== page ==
VOLUME 27 FALL 2010 NUMBER 4
ISLAMIC SOCIAL SCIENCES
A double blind peer-reviewed
and interdisciplinary journal
ASSOCIATION OF MUSLIM SOCIAL SCIENTISTS OF NORTH AMERICA
INTERNATIONAL INSTITUTE OF ISLAMIC THOUGHT
Asserting Religious Text in the Modern World: Muslim Friday Khutbahs
Mazen Hashem 1
A Decade of the World Trade Organization and the Trade
Performance of Muslim Countries
Ruzita Mohd. Amin 23
Critical Thinking and Its Implications for Contemporary Ijtihad
Sayed Sikandar Shah and Mek Wok Mahmud 45
Ibn Taymiyya’s Criticism of Aristotelian Definition
Sobhi Rayan 68
Islam and the Challenge of Human Rights
(by Abdulaziz Sachedina)
Shadi Mokhtari 92
Understanding Muslim Identity: Rethinking Fundamentalism
(by Gabriele Marranci)
Adis Duderija 95
The Mosque: Political, Architectural, and Social Transformations
(by Ergun Erkocu and Cihan Bugdaci)
Tammy Gaber 98
The Taliban and the Crisis of Afghanistan
(by Robert D. Crews and Amin Tarzi, eds.)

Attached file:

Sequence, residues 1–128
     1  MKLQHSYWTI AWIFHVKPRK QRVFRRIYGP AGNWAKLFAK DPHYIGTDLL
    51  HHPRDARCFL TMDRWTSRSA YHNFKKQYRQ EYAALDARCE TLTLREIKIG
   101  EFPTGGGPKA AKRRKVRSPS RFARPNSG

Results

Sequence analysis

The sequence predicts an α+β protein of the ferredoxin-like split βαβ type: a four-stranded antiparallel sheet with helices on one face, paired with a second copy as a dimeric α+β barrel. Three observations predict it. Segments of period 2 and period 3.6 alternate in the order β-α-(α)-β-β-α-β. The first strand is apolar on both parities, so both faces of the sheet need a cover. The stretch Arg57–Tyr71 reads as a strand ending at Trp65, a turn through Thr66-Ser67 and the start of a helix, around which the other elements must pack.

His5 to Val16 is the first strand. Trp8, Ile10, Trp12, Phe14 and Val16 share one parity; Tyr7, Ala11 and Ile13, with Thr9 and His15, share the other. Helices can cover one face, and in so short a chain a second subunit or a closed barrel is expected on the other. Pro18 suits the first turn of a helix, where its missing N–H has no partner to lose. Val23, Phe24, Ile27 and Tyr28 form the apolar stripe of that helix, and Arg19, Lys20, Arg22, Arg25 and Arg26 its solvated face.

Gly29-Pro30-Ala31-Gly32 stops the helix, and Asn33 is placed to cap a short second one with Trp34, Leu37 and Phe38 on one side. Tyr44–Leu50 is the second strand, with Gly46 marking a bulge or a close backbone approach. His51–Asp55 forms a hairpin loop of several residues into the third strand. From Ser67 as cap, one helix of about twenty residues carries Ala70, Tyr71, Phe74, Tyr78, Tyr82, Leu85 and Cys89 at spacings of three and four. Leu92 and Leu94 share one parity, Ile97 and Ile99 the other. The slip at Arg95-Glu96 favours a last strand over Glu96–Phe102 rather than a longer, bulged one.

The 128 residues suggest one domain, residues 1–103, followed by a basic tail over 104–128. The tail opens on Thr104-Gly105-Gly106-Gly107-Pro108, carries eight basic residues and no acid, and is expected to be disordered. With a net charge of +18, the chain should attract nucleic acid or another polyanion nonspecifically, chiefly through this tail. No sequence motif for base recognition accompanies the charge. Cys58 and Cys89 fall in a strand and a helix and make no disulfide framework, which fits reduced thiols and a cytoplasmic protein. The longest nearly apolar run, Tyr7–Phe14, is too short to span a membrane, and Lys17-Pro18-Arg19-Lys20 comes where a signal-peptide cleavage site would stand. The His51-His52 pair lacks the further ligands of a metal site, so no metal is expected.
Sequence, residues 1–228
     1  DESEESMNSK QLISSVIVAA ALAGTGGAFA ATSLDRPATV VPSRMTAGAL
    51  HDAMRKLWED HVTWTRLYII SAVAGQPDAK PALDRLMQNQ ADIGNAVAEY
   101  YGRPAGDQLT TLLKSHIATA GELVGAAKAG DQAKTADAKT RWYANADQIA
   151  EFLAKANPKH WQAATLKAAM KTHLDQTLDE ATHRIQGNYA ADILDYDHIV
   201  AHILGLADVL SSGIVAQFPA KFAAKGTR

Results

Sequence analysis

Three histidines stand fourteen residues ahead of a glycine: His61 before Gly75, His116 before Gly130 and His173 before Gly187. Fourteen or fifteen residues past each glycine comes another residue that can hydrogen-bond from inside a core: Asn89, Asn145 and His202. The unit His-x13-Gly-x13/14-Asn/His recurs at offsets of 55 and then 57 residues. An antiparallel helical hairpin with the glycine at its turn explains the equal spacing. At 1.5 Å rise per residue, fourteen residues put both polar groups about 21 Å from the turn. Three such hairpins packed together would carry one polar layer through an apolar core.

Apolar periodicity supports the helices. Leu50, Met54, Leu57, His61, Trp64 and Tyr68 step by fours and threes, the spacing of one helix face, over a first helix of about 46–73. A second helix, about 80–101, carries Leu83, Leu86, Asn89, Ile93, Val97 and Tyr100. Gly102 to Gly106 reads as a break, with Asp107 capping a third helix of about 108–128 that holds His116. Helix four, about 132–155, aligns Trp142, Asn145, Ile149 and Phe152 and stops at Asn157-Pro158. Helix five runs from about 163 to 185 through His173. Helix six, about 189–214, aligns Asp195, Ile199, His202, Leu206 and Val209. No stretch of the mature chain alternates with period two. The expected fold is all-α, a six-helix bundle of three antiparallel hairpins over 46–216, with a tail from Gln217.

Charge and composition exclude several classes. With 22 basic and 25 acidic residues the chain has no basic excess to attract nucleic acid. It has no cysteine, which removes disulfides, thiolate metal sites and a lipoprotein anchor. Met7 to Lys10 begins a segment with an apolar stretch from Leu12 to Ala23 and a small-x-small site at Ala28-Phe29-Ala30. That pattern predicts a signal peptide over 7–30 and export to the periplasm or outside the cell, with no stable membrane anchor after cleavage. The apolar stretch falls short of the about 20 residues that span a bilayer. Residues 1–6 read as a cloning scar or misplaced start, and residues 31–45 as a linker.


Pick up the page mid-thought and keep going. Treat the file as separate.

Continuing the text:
Francis Robinson 101
Reformers and Revolutionaries in Modern Iran
(by Stephanie Cronin, ed.)
Arshavez Mozafari 104
Negotiating with Iran
(by John W. Limbert)
Amr G. E. Sabet 106
It’s Easier to Reach Heaven than the End of the Street: A Jerusalem Memoir
(by Emma Williams)
Francis Robinson 109
Al-Ghazali’s Philosophical Theology
(by Frank Griffel)
Martin Whittingham 111
On Spirituality: Essays from the Third Shi‘i Muslim Mennonite Christian Dialogue
(by M. Darrol Bryant, Susan Kennel Harrison, and A. James Reimer, eds.)
Mahdi Tourage 114
(by William Shepard)
Tauseef Ahmad Parray 117
Can Islam Be French?
(by John R. Bowen)
John Andrew Morrow 120
Authentication of Hadith: Redefining the Criteria
(by Israr Ahmad Khan)
Ahmed M. Hashim 123
Understanding Muslim Social Arrangement: Pangals in Manipur, India
Mohd Shakil Ahmed 126
A Review of Inter-Civilizational Dialogue: Governmental and Private Initiatives
Iyad A. Madani 134
Conference, Symposium, and Panel Reports
Cosmopolitan Islam: Globalization, Transnationalism, and Muslim Diasporas
Saeed A. Khan 148
Knowledge, Faith, Morality, and the Future of Humanity
Muhammed Haron 150
The Relationship between the Qur’an and the Sunnah
Jay Willoughby 153
Islam and Pluralism